The more fiercely you diet, the more fiercely the body protects its fatpoint. You can’t beat it with willpower for long. But you can win, and win permanently, by cooperating with your body. The only long-term effective method of weight loss is to change the body’s reference system so that the fatpoint is lowered. This requires careful programming. Unless the body is adequately nourished, you will not be able to stop overeating. So, first you have to obtain a complete vitamin and mineral supplement to shut down the body’s malnourishment defenses. Then you can begin to reduce calories. But you must not reduce them so much that they trigger the fatpoint defenses. If you do, the whole cycle of metabolic shutdown and appetite explosion begins anew. We have found that two hundred to five hundred calories a day is the maximum you can reduce below your usual amount of food without triggering the defenses. Particular caloric levels given by diets are useless. The reduction must be in relation to your eating pattern.
Such a reduction yields a maximum weight loss of between one-half pound and one pound a week. Gradually, over the course of a year, the fatpoint edges down as the body remodels itself around the new usual weight, always a little on the low side of the existing fatpoint. The minor change in calories slips by the fatpoint defenses, and the supplements keep the nutrition defenses quiet. Within a year you lose between twenty-five and fifty pounds. But the great difference between this loss and most other losses by dieting is that ravenous hunger, binging, sickness, nausea and all the other hazards of dieting do not occur. With normal cell turnover the body slowly adapts its enzyme levels, its muscles, its skeleton, its glands, to the new, lower weight. The fatpoint drops to suit.
In one study at the University of Auckland we followed the progress of two women about fifteen to twenty pounds overweight who decided to crash-diet, buddy-style, to fashionable slender. We compared these two women with two others, about thirty pounds overweight, who started our optimum-nutrition weight-loss program. Over twelve months the weights of the two crash dieters oscillated like the proverbial yo-yo. At the end, one was five pounds lighter, the other two pounds heavier than when they began, after a lot of fruitless hunger, irritability and self-denial. Does it sound familiar? In contrast, one of the women following our program lost seventeen pounds, the other twenty-three pounds. Neither reported any undesirable effects. So don’t count calories, count optimum nutrition.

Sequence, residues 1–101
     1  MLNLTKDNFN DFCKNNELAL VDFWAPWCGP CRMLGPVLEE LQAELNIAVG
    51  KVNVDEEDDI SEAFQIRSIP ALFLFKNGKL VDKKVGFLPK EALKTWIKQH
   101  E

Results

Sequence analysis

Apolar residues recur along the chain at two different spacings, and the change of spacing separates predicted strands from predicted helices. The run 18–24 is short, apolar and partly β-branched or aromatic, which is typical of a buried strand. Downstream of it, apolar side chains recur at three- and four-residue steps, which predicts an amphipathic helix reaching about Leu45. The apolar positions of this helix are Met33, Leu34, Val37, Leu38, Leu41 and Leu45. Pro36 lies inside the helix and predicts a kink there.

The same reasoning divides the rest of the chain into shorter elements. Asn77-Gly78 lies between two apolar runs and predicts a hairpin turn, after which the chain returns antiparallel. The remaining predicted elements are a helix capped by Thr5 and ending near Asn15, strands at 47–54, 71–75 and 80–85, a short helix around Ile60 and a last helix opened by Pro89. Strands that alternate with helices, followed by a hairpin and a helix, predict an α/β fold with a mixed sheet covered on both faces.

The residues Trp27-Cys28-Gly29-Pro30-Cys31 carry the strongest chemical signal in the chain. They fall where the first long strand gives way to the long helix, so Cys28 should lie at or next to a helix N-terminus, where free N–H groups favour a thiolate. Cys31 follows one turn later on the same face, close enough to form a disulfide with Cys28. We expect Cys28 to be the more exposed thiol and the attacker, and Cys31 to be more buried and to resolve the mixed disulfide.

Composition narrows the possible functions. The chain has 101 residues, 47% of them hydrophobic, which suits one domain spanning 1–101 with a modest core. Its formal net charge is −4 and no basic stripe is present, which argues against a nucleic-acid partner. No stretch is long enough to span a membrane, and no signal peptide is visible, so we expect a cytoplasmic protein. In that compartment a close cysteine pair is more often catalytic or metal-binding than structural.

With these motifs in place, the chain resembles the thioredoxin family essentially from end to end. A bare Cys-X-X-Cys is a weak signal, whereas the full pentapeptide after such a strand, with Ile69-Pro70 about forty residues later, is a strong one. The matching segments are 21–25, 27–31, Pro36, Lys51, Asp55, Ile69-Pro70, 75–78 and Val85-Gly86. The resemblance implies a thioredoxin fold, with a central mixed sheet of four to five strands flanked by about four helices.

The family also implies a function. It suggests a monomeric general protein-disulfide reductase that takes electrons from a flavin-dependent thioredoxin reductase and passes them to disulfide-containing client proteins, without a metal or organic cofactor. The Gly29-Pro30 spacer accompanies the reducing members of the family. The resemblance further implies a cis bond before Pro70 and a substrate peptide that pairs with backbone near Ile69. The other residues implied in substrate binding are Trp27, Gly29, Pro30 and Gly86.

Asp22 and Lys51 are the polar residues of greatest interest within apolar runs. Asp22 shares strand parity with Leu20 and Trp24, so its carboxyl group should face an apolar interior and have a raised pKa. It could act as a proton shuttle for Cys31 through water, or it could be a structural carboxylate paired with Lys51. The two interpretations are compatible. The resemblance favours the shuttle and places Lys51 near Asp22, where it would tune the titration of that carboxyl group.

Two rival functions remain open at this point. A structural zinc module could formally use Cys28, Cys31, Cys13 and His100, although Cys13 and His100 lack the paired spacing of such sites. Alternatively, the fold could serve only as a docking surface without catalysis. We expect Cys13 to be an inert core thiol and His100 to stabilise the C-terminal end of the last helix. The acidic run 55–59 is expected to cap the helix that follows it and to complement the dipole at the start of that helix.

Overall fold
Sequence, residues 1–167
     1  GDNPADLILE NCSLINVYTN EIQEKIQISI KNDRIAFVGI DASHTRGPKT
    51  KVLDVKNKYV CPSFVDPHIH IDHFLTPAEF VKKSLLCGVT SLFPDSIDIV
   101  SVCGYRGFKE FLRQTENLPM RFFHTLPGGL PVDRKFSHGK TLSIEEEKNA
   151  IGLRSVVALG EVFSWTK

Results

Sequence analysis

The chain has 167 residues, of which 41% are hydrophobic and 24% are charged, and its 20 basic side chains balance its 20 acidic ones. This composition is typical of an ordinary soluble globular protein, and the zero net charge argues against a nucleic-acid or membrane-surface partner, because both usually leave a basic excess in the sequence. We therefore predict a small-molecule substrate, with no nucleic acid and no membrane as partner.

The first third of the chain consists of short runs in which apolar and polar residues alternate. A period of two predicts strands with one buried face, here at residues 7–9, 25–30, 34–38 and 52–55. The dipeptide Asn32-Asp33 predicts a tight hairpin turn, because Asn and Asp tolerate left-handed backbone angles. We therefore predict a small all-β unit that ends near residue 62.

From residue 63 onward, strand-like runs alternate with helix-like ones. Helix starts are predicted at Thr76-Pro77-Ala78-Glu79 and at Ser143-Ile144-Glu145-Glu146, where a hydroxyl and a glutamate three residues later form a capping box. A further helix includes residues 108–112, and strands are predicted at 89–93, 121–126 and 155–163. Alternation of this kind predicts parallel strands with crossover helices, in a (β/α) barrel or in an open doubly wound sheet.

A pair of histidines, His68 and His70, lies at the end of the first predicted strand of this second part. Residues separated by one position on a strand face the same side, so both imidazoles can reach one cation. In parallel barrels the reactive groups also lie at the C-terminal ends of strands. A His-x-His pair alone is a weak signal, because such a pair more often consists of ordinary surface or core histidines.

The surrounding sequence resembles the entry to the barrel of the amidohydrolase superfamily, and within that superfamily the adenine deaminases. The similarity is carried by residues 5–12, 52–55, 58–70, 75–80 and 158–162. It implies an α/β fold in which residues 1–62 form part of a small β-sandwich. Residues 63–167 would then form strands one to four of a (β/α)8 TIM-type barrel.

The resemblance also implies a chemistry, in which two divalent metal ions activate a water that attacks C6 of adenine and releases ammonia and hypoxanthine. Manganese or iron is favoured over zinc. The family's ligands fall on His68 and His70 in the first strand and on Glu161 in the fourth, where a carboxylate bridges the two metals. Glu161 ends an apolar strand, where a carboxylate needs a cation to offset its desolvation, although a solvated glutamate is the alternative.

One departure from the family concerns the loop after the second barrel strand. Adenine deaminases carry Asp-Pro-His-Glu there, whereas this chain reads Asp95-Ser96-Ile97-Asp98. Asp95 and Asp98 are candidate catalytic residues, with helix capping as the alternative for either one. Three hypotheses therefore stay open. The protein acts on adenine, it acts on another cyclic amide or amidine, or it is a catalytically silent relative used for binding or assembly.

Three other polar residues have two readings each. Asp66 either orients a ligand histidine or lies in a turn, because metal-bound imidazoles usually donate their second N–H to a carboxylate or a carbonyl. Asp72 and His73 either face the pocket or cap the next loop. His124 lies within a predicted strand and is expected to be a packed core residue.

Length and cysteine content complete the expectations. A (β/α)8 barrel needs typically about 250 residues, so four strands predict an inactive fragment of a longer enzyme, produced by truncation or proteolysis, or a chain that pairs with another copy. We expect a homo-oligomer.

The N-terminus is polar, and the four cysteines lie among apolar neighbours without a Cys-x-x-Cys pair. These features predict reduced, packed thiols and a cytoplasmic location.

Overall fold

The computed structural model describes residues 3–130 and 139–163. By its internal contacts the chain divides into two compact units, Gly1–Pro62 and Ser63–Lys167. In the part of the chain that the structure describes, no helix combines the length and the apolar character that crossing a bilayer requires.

One or two tricks can help you along. The taste, smell and sight of food are appetitive stimuli which naturally trigger eating responses. In our evolutionary past they formed part of nutritive foods and ensured that we ate the right ones. Now, technology has enabled us to remove appetitive stimuli, such as sweetness, from nutritive contexts in fruits and vegetables, and put them into edibles that don’t deserve the name of food. Our inherited appetites still react to the old stimuli, but today they tempt us continually to eat rubbish. It’s fair to say that eighty million fat Americans are waddling testimony to the power of food technology to turn them into carbohydrate-processing plants to line food manufacturers’ pockets. So it’s a good idea to keep the rubbish as far away from you as possible.
Appetitive mechanisms are not turned off by junk food, because it lacks the nutrients to satisfy them. So we constantly tend to overeat, as the body drives us on in a vain bid for nourishment. Individually designed vitamin and mineral supplements correct this tendency by providing the missing nutrition. What they don’t correct is our habits. Professor Stanley Schachter and his colleagues have shown repeatedly that overweight people have learned to react almost automatically to sights, sounds, smells, even pictures and descriptions of food.27 To counteract this conditioning, it makes sense not to keep stacks of ice cream, candy, cookies and soft drinks in the house. It makes sense to have the picture of TV health guru Richard Simmons saying “Naughty, naughty” taped on the fridge door. It makes sense to keep a supply of fresh crudités and bowls of fruit on hand. And it also makes sense to reward your weight loss with presents and trips.